A premium or high-end forced-air furnace is typically thought of as having an annual fuel utilization efficiency (AFUE) of 90% or above. These furnaces also usually come with other amenities, such as variable-speed motors, sophisticated controls, and longer warranties. For one manufacturer, a premium furnace encompasses all of the above, as well as improved igniter technology.
When trying to sell a customer a high-end furnace, contractors may espouse benefits such as higher efficiencies, which usually translate into lower utility bills. Quieter operation is also a good selling point, as is improved comfort resulting from variable-speed technology. A less obvious but no less important benefit can be found in the form of the variable-speed draft inducer.
After you have compiled a list of the reasons customers should buy from you, you should have all the ammunition you need to survive any objection. This article covers how to apply that information in the field.
Carbon monoxide is a poisonous gas that forms as a result of incomplete combustion. The combustion process requires the correct mixture of fuel and air. Examples of fuel are natural gas, wood, kerosene, and gasoline. Air consists primarily of oxygen and nitrogen. If there is too little air, fuel goes unburned and carbon monoxide (CO) is created.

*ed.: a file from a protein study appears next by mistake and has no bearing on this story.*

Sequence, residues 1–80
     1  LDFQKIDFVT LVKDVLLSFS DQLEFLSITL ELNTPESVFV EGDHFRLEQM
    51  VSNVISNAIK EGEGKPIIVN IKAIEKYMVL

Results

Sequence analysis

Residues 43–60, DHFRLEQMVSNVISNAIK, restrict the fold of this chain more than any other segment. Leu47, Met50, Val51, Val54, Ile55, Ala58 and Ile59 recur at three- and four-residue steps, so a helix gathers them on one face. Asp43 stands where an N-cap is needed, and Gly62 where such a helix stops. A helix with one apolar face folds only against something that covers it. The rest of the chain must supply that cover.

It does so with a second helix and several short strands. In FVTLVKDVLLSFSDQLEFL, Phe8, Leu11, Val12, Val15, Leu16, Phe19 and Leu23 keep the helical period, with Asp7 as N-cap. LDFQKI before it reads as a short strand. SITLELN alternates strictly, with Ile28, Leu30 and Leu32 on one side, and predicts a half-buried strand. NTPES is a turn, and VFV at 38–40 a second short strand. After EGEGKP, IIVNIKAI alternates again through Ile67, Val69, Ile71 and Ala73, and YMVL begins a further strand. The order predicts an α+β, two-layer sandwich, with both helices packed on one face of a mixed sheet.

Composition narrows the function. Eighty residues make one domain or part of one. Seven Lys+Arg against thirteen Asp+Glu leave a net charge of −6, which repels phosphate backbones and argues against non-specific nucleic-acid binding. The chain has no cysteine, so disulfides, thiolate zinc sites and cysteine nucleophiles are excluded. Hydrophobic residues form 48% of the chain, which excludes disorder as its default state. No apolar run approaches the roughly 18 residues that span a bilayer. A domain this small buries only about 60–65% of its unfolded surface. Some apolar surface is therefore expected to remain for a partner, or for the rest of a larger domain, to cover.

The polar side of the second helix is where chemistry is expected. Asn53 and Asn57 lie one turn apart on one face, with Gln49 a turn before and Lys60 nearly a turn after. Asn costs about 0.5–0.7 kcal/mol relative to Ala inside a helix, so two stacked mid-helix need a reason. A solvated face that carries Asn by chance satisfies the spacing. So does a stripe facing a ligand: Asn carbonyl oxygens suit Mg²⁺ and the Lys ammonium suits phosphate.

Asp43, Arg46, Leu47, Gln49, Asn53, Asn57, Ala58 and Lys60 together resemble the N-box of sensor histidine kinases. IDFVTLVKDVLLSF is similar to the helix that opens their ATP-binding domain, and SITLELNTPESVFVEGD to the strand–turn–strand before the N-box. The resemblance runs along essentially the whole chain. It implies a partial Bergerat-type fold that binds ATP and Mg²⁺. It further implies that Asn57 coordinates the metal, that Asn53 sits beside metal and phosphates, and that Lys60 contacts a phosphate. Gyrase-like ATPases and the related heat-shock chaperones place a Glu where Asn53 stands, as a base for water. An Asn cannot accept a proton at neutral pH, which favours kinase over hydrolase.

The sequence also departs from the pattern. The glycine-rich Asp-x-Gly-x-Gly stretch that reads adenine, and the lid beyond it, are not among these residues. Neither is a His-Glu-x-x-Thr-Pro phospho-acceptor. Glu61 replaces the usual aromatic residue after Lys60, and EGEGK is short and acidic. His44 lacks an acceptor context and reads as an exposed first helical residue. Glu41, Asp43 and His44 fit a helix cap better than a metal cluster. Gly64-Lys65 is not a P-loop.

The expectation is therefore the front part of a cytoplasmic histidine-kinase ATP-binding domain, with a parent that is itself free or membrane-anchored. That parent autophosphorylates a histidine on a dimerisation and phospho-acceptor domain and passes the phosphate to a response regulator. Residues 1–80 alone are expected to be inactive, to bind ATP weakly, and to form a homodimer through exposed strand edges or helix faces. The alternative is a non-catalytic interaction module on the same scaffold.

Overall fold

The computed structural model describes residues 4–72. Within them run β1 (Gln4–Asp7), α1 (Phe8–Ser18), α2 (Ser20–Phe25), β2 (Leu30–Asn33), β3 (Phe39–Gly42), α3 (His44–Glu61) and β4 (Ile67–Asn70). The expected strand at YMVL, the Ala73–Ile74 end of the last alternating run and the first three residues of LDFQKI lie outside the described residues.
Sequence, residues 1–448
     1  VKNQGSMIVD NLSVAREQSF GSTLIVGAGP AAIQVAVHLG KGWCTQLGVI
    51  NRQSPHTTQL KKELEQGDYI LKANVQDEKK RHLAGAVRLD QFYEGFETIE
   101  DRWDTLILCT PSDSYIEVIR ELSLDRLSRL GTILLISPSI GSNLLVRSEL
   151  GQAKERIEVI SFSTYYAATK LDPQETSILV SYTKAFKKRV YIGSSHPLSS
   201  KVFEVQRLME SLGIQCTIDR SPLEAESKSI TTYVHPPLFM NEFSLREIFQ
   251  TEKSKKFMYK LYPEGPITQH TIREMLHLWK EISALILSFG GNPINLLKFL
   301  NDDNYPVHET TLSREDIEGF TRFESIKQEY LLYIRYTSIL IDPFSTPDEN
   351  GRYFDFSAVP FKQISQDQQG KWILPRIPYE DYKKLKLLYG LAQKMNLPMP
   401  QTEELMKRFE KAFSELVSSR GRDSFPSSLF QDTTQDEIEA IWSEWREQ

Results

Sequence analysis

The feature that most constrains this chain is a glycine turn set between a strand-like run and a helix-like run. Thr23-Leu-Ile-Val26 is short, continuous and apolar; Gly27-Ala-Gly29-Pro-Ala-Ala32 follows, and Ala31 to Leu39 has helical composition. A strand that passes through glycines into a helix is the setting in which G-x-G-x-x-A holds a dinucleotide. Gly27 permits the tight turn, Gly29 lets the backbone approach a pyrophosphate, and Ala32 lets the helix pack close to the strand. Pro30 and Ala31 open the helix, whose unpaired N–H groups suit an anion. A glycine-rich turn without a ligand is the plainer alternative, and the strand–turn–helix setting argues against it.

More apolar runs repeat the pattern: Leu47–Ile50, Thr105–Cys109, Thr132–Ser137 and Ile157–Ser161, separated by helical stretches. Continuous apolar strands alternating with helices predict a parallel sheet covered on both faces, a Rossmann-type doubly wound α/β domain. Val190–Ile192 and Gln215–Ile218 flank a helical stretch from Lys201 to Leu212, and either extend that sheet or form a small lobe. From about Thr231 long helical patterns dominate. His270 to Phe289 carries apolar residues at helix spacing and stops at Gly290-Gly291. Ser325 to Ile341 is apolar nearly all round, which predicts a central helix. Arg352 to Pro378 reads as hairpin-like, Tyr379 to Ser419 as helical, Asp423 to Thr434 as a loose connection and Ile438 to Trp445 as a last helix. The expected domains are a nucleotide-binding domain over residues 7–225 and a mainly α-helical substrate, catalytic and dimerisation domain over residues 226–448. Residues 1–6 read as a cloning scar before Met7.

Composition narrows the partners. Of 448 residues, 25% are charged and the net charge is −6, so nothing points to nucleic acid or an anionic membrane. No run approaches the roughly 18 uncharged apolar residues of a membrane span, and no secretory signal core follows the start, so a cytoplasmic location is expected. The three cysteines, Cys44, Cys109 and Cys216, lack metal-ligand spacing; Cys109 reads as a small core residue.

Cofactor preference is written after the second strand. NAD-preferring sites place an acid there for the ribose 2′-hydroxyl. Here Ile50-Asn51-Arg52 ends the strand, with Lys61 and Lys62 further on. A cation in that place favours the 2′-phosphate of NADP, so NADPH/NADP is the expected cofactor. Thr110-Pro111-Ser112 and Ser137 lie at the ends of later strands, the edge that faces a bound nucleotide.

While some companies are hesitant to outsource because of the perceived additional costs, in reality many companies with small to mid-size fleets are finding it can be more economical to outsource fleet management than to handle the added responsibilities in-house. The bottom line is that outsourcing can save companies time and money.
The Refrigeration Service Engineers Society (RSES) is taking its extensive training programs and spreading them well beyond its membership base. During the society’s 65th Annual International Conference, Executive Vice President Robb Isaacs cited plans during 2003 to offer some 60 training seminars beyond those given within RSES.
When a design-build contractor tells a potential customer that he needs a new air unit/evaporator, does the customer know what it is about the facility that requires specific designs? If he does know, the contractor has a better chance of installing the best system, not just the lowest cost system. Jeff Rothermal of Evapco, Taneytown, MD, spoke on “Air Unit Design and Application” at the recent Refrigerating Engineers and Technicians Association (RETA) conference. His objective was to pass along facts that can be passed along to customers, who can then make informed decisions.
In today’s economy, customers are more aware of the importance of getting the most out of their energy dollars. Efficient operation of evaporative condensers can help. In general, this means reducing the discharge pressure. Banks Tomas, a project engineer for Uni-Temp Refrigeration, Norcross, GA, addressed evap condenser efficiency in his session paper, “Operating A More Energy-Efficient Refrigeration System,” presented at the recent conference of the Refrigerating Engineers and Technicians Association (RETA).
The theme of Excellence Alliance Inc.’s (EAI’s) Annual Excellence Leaders Meeting was “What the Times Demand,” and members received a lot of information on strengthening business practices and relationships to take back to their employees and customers.